|A topographical carte-de-visite showing a view of Herculaneum, the ancient Roman town near Naples, famous for having been destroyed, along with Pompeii, in the eruption of Mount Vesuvius in 79 C.E. It was long thought that nearly all of the inhabitants of the town managed to escape the eruption, because initial excavations revealed only a few skeletons. It wasn't until 1982, when the excavations reached boat houses in the area of the beach, that this view changed. In 12 boat houses archaeologists discovered a total of 250 skeletons huddled close together.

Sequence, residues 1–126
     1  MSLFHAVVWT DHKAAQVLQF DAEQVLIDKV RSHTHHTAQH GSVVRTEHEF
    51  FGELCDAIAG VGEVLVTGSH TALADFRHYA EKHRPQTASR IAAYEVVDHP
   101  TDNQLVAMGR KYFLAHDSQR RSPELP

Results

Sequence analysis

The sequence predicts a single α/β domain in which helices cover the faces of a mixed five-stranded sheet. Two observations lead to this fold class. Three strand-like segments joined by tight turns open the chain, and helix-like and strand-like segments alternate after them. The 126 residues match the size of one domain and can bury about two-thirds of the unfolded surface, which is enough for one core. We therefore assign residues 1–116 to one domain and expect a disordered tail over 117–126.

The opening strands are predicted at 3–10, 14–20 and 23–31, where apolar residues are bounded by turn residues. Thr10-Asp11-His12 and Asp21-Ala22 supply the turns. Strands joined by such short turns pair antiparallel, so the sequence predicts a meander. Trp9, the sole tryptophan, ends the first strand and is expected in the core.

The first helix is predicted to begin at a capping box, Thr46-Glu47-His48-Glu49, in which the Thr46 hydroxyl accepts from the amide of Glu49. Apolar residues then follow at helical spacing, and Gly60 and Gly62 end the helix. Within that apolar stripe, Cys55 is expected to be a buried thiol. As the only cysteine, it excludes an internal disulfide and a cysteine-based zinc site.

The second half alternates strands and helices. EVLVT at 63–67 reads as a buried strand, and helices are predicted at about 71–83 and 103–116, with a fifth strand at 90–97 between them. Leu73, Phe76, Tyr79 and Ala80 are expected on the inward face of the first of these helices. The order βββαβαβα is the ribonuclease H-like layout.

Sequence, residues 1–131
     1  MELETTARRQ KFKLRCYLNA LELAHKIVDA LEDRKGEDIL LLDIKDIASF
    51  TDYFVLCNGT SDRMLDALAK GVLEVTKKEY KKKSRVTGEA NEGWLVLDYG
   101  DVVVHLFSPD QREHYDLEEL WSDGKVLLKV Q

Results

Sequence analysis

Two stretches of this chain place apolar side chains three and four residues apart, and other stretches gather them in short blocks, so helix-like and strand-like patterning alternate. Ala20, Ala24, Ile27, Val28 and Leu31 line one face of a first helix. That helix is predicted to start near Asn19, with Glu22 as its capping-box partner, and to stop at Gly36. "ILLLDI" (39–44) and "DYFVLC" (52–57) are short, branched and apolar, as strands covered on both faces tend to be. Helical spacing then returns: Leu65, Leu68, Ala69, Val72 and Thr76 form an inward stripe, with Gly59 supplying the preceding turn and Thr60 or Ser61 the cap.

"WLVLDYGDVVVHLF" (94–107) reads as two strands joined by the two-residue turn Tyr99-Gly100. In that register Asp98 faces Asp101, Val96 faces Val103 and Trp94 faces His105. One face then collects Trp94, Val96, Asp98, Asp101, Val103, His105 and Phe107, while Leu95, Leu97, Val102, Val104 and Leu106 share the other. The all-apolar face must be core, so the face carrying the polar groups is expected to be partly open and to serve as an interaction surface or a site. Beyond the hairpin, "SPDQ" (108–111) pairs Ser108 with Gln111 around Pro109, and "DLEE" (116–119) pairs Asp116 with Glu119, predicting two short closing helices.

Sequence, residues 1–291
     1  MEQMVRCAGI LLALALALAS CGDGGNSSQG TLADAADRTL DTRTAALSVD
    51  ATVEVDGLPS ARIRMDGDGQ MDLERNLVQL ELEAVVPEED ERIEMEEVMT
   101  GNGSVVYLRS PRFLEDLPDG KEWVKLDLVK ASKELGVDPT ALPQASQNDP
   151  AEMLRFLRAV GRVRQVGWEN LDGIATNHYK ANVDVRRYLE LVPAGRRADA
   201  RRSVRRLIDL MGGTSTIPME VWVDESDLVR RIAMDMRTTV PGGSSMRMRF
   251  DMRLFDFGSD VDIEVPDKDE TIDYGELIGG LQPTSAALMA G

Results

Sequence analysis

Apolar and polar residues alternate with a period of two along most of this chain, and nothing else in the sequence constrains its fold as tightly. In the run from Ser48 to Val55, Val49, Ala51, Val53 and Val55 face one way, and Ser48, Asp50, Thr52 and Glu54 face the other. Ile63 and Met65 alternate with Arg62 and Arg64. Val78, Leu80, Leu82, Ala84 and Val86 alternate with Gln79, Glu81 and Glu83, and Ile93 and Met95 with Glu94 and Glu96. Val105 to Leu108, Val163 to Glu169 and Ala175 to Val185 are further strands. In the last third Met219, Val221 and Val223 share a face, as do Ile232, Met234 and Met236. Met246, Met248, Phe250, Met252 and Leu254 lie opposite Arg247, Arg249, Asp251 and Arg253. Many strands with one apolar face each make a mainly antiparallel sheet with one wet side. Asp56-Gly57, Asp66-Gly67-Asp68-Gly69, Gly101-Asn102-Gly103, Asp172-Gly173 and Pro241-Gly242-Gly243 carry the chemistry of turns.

Although unidentified on this particular copy, the negative number and the typeface of the caption in the band below the image both indicate that the photographer is Giorgio Sommer of Naples.
A pencilled inscription on the reverse of the mount reads Herculaneum Naples / 1874.
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